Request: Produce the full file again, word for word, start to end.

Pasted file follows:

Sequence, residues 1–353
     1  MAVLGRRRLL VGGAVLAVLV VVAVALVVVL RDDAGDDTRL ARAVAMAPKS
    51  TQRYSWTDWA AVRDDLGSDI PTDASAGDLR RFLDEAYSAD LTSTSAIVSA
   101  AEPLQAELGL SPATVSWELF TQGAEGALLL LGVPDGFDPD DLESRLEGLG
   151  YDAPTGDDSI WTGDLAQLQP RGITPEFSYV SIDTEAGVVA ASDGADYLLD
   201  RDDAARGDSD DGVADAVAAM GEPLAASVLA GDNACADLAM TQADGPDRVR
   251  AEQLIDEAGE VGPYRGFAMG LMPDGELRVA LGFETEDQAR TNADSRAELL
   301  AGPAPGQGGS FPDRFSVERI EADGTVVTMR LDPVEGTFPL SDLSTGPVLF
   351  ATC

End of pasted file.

Sequence, residues 1–353
     1  MAVLGRRRLL VGGAVLAVLV VVAVALVVVL RDDAGDDTRL ARAVAMAPKS
    51  TQRYSWTDWA AVRDDLGSDI PTDASAGDLR RFLDEAYSAD LTSTSAIVSA
   101  AEPLQAELGL SPATVSWELF TQGAEGALLL LGVPDGFDPD DLESRLEGLG
   151  YDAPTGDDSI WTGDLAQLQP RGITPEFSYV SIDTEAGVVA ASDGADYLLD
   201  RDDAARGDSD DGVADAVAAM GEPLAASVLA GDNACADLAM TQADGPDRVR
   251  AEQLIDEAGE VGPYRGFAMG LMPDGELRVA LGFETEDQAR TNADSRAELL
   301  AGPAPGQGGS FPDRFSVERI EADGTVVTMR LDPVEGTFPL SDLSTGPVLF
   351  ATC